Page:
VGA, DVI or HDMI for a monitor connection?

Actually, it's a pretty easy decision. But it'll probably cost you a few extra bucks.

Reader Mike ordered a new Dell system that came with a 21.5-inch LCD monitor. Although the monitor includes VGA, DVI, and HDMI inputs, it included only a VGA cable--even though the setup instructions recommend a DVI or HDMI connection! Mike wants to know why, and whether he should bother buying a different cable.

I'm going to answer in reverse. First, I would indeed recommend using a different cable to connect your monitor to your PC. However, there's no need to bother with HDMI unless you're planning to watch Blu-ray movies (assuming your PC has both an HDMI video output and a Blu-ray drive).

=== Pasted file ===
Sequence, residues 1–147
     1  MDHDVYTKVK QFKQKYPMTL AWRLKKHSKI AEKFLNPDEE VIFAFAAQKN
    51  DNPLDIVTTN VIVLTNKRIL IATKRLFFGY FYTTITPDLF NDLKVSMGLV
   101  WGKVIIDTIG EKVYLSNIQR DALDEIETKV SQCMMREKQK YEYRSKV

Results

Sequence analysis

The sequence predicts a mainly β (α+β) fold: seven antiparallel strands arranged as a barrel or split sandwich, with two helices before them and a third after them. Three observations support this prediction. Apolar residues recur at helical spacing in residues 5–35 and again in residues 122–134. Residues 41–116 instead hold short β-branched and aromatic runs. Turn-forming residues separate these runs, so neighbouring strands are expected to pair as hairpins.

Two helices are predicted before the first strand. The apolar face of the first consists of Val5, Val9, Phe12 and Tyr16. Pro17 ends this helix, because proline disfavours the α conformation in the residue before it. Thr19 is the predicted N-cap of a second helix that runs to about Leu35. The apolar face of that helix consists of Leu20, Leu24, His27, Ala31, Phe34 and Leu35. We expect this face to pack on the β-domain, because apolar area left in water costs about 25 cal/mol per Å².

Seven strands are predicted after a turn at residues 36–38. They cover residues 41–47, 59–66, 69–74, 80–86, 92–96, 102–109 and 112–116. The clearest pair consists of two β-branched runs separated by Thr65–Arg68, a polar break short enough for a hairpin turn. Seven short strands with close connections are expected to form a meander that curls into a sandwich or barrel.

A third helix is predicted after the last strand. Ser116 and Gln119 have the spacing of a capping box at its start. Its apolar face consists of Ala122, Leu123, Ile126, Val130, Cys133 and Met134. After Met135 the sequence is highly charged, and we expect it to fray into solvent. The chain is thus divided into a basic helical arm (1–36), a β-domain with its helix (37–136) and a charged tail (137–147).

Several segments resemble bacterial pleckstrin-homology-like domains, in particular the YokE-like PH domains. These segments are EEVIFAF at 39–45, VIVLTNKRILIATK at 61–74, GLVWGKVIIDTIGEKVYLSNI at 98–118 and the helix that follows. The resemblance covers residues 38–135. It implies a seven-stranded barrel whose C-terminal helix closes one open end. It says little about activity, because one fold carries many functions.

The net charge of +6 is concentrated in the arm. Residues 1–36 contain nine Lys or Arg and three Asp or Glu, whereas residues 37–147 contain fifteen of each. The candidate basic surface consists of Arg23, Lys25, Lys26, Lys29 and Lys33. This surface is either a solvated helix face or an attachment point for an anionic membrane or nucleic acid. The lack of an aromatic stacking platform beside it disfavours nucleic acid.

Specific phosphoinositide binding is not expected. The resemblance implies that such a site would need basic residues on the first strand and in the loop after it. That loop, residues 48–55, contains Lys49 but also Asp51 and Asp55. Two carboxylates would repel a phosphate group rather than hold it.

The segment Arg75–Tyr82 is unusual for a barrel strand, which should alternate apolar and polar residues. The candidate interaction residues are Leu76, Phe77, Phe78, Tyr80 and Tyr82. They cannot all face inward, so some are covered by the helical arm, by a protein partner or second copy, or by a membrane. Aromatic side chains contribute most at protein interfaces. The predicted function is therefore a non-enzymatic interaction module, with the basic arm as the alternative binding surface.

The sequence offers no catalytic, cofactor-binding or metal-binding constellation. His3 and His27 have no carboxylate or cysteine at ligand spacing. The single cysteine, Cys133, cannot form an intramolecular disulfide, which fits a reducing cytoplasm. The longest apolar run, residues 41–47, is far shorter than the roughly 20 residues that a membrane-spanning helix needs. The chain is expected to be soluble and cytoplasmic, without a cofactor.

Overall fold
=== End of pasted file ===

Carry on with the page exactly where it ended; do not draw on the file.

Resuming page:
Even then, DVI also supports the HDCP protocol necessary to view that kind of protected video content. HDMI is really best for connecting a PC to an HDTV.

Consequently, I'd go with a DVI cable. That'll give you a pure digital signal (VGA is analog) and a much sharper picture at higher resolutions. Your Dell ST2210 has a native resolution of 1,920 x 1,080, which you can and should use.

Don't worry, a DVI cable won't cost you a fortune. A quick search on the Australian Staticice price comparison site shows that you can pick up a DVI cable for under $10.

So, why do most monitors come with only a VGA cable? Probably because VGA is still the most common type of video connector worldwide, and, consequently, the mass-produced cables are cheap. Vendors could supply DVI cables as well, but then at least one would be going to waste.

There you have it, Mike. Drop a few extra bucks and treat your high-falutin' monitor right.

Tags HDMIlcd monitors

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Rick Broida

PC World (US online)

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